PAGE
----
Near-record private rent growth means the cost of living crisis is continuing for millions of workers

Rental board signs in London.

Responding to the new private rent prices, released by the Office for National Statistics, Rebecca Florisson, Principal Analyst of the Work Foundation at Lancaster University said:

“Inflation may have dropped to the lowest rate since September 2021 at 2.3%, but near-record private rent growth of 8.9% means the cost of living crisis is continuing for millions of people.

“On average, renters in Britain are having to find £103 more a month than they were last year. This is most acute for workers in London where rents are now 10.8% higher than in 2023, and will hit insecure workers hardest as they earn on average £3,276 less than those in secure jobs.

“With only 30% of employers preparing to give above inflation pay rises in 2024, many private renters will have little breathing room to pay their increased rental costs which are already outpacing wage increases. This will be particularly challenging for the 1.4 million private renters in severely insecure work, who are most vulnerable to rent hikes while managing irregular hours and variable pay checks.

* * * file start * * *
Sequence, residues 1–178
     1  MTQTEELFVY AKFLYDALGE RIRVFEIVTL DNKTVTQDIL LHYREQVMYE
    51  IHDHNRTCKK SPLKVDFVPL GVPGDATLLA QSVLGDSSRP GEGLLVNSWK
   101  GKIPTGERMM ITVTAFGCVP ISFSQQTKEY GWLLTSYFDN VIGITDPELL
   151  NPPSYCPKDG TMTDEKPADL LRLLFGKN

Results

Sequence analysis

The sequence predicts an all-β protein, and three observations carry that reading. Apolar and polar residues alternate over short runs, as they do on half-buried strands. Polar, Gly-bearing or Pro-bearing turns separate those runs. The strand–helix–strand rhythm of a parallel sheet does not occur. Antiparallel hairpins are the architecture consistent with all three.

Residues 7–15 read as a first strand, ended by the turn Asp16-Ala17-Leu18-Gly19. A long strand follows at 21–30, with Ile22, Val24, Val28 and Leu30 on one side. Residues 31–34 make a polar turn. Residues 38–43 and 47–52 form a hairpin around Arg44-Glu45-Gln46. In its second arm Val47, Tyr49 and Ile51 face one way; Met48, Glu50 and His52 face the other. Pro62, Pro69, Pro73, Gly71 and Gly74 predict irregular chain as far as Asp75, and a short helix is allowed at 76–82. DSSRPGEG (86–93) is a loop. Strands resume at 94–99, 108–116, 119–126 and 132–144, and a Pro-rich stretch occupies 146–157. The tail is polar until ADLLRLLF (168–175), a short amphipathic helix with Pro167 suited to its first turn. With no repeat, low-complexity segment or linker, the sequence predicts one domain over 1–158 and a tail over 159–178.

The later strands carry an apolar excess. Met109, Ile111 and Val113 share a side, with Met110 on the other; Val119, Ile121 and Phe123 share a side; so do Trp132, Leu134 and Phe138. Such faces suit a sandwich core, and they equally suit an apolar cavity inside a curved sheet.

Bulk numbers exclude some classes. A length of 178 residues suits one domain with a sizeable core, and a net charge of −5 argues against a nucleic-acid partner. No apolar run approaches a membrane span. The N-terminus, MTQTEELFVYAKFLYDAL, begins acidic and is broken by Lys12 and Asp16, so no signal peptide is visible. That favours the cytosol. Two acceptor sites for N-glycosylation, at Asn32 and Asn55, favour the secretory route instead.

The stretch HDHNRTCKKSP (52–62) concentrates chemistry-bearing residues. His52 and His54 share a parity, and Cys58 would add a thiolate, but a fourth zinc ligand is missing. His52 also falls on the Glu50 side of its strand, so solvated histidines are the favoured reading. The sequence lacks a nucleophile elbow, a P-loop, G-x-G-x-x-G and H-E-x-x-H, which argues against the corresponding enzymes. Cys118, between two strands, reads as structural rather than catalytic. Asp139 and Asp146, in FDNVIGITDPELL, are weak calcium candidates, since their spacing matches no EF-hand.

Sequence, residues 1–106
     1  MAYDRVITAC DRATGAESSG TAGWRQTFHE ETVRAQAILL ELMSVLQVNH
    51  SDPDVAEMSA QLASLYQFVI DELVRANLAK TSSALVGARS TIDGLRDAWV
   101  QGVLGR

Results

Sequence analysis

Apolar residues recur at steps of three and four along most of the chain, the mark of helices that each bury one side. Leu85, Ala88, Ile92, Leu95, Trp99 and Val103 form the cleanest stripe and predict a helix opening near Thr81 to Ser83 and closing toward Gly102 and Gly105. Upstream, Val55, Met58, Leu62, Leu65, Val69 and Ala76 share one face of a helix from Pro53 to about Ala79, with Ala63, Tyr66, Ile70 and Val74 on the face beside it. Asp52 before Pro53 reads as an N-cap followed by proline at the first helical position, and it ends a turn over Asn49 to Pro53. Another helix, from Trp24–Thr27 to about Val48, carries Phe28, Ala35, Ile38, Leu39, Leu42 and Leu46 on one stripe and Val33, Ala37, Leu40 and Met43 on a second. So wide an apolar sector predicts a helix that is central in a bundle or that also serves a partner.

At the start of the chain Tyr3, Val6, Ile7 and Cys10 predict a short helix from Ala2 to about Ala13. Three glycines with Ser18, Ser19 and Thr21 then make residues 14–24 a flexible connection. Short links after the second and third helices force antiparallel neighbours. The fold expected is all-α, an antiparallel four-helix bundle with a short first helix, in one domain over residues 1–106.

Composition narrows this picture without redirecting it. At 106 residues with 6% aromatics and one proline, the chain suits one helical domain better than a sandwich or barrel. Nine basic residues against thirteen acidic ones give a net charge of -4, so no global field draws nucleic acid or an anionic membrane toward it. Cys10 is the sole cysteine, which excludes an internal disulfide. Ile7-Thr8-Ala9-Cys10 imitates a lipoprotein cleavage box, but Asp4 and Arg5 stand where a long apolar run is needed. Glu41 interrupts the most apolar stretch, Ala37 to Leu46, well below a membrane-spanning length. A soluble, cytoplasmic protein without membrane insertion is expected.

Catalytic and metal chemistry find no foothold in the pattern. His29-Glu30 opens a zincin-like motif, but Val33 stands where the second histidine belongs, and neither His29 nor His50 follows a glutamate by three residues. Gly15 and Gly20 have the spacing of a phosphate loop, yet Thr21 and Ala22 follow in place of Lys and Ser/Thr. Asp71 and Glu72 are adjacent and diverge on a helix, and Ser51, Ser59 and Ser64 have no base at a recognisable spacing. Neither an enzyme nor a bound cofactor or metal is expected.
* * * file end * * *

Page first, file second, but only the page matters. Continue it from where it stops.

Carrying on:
“There is more bad news for renters as UK house prices have risen by 1.8% on the year, putting the opportunity of buying a house further out of reach for many cash-strapped private renters.

“To protect renters in future, the priority for the next Government must be to reform the private rental market to make it fairer for renters, and bring employment legislation into the 21st century by guaranteeing all workers minimum hours and the Real Living Wage, to mitigate their vulnerability against rising housing costs.”

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